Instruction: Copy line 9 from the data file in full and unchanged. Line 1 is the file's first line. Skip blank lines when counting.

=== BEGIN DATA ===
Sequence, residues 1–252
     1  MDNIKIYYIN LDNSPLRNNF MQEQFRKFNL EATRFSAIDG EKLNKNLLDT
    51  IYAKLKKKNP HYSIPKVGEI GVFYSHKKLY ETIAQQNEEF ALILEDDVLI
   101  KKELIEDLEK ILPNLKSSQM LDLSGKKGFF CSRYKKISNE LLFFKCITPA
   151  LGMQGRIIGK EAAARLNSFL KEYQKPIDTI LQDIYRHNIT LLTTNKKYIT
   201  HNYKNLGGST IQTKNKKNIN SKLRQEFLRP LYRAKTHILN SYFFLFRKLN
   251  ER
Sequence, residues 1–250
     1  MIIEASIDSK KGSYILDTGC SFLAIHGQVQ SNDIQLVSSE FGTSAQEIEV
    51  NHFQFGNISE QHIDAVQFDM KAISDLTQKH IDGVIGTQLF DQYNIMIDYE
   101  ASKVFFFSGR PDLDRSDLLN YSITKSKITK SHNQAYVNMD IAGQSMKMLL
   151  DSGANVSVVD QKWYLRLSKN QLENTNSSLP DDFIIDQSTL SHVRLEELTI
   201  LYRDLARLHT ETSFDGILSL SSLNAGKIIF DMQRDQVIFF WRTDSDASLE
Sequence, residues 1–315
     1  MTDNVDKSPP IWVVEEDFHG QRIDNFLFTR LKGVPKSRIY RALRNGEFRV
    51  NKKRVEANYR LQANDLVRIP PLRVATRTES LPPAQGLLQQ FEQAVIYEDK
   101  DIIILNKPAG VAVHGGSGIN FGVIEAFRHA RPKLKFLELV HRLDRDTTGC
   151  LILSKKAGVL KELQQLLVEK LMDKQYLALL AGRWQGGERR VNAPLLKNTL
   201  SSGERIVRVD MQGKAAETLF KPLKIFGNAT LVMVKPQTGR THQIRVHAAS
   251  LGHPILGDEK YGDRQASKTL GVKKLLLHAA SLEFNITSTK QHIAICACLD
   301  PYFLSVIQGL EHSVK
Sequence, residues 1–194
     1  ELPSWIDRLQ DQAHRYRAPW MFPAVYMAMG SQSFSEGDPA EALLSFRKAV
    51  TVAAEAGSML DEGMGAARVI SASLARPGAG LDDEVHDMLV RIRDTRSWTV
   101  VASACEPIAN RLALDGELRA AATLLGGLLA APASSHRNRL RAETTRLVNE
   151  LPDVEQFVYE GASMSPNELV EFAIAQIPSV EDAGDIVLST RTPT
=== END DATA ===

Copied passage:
     1  MIIEASIDSK KGSYILDTGC SFLAIHGQVQ SNDIQLVSSE FGTSAQEIEV